Research Paper Volume 11, Issue 11 pp 3624—3638
Proteasome-dependent degradation of intracellular carbamylated proteins
- 1 Laboratory of Biochemistry and Molecular Biology, CNRS/URCA UMR N° 7369 MEDyC, Faculty of Medicine, University of Reims Champagne-Ardenne, Reims, France
- 2 Laboratory of Pediatric Biology and Research, University Hospital of Reims, Reims, France
- 3 Laboratory of Biopathology, University Hospital of Reims, Reims, France
- 4 Department of Pediatrics (Nephrology unit), University Hospital of Reims, Reims, France
- 5 Present address: Department of Laboratory Medicine, National Institutes of Health, Bethesda, MD 20892, USA
received: October 31, 2018 ; accepted: May 27, 2019 ; published: June 6, 2019 ;https://doi.org/10.18632/aging.102002
How to Cite
Copyright: Desmons et al. This is an open‐access article distributed under the terms of the Creative Commons Attribution License (CC BY 3.0), which permits unrestricted use, distribution, and reproduction in any medium, provided the original author and source are credited.
Carbamylation, which corresponds to the binding of isocyanic acid to the amino groups of proteins, is a nonenzymatic post-translational modification responsible for alterations of protein structural and functional properties. Tissue accumulation of carbamylation-derived products and their role in pathological processes such as atherosclerosis or chronic renal failure have been previously documented. However, few studies have focused on the carbamylation of intracellular proteins and their subsequent role in cellular aging. This study aimed to determine the extent of intracellular protein carbamylation, its impact on cell functions and the ability of cells to degrade these modified proteins. Fibroblasts were incubated with cyanate or urea and the carbamylation level was evaluated by immunostaining and homocitrulline quantification. The results showed that carbamylated proteins accumulated intracellularly and that all proteins were susceptible. The presence of intracellular carbamylated proteins did not modify cell proliferation or type I collagen synthesis nor did it induce cell senescence, but it significantly decreased cell motility. Fibroblasts were able to degrade carbamylated proteins through the ubiquitin-proteasome system. In conclusion, intracellular proteins are susceptible to carbamylation but their accumulation does not seem to deeply affect cell function, owing largely to their elimination by the ubiquitin-proteasome system.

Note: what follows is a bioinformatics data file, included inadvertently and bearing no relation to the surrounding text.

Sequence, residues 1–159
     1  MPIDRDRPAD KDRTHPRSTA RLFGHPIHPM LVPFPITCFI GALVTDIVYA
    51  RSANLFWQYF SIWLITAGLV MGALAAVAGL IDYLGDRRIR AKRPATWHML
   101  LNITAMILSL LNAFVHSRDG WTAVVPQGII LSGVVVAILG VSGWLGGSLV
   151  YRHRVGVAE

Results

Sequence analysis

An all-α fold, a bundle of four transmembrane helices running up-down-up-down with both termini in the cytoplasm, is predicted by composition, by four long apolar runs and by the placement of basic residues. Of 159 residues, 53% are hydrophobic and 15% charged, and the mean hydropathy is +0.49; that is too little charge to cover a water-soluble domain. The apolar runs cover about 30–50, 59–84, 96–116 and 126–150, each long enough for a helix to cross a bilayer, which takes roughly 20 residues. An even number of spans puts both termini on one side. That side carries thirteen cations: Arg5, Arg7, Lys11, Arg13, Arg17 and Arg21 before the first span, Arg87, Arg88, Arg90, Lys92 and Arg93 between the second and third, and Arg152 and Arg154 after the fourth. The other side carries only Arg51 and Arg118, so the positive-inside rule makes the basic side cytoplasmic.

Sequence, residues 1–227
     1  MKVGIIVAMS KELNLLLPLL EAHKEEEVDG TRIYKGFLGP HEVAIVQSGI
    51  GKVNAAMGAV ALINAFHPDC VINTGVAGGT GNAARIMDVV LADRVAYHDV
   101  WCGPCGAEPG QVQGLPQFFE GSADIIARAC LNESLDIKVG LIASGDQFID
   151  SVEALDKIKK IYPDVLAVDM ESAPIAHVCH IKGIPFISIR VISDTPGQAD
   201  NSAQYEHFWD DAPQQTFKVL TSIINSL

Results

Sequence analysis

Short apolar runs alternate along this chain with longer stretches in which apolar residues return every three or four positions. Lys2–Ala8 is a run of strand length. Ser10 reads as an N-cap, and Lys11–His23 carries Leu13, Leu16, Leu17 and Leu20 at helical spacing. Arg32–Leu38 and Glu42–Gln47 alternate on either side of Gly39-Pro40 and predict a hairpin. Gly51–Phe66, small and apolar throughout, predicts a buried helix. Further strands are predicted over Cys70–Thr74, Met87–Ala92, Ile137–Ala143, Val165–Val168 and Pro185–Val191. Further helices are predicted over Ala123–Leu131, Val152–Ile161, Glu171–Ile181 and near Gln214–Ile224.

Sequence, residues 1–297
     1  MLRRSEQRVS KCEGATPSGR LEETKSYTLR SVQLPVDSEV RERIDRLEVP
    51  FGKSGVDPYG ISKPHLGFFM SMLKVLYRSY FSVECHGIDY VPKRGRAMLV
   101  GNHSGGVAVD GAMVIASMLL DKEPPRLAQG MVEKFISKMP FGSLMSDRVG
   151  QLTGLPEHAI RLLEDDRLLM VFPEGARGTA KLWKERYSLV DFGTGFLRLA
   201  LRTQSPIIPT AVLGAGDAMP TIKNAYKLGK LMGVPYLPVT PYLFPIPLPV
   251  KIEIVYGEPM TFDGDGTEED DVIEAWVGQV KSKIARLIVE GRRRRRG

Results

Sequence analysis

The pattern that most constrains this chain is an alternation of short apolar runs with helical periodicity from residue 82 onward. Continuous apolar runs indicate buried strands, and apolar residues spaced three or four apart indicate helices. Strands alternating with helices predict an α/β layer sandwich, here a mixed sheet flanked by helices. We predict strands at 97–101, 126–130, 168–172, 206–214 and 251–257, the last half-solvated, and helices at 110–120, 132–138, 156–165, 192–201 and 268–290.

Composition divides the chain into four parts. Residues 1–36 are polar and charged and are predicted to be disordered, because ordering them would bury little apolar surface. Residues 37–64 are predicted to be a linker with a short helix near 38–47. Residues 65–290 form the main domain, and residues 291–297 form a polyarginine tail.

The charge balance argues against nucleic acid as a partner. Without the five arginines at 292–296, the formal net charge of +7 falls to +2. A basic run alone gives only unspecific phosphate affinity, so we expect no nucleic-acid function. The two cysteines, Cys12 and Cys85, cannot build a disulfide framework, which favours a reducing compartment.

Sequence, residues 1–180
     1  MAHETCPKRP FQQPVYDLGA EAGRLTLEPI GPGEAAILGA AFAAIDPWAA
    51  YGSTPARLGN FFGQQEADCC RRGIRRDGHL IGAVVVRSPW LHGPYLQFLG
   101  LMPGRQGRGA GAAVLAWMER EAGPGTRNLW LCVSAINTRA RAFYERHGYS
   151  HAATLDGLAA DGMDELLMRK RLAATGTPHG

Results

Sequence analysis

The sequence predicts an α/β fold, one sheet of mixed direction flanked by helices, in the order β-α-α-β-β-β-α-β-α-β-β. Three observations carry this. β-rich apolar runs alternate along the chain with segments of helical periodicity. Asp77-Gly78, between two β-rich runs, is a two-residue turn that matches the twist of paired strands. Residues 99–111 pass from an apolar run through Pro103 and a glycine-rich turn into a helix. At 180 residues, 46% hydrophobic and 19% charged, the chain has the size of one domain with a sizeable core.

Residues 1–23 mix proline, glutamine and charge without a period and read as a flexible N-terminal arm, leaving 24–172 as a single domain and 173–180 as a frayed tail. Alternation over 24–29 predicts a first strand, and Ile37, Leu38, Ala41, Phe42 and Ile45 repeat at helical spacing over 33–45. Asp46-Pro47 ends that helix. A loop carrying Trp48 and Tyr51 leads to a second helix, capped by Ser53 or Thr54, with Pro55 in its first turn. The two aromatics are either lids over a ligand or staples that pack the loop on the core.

Alterations of protein homeostasis ("proteostasis") are among the most important mechanisms responsible for cellular aging [1,2], since cells have to maintain a sufficient proportion of unmodified and functional proteins to assure their physiological roles. However, the systems responsible for the control of proteostasis (e.g. chaperones, proteasome, repair enzymes) may become overwhelmed, especially in the event of overproduction of damaged intracellular proteins . Indeed, intracellular proteins are subjected to many nonenzymatic post-translational modifications (NEPTMs) which progressively alter their properties . These modified proteins may be degraded by proteolytic systems, including proteasome, but highly modified proteins may become resistant to proteolysis and accumulate inside cells generating aggregates composed of oxidized and covalently-linked modified proteins also called "lipofuscin" [5,6].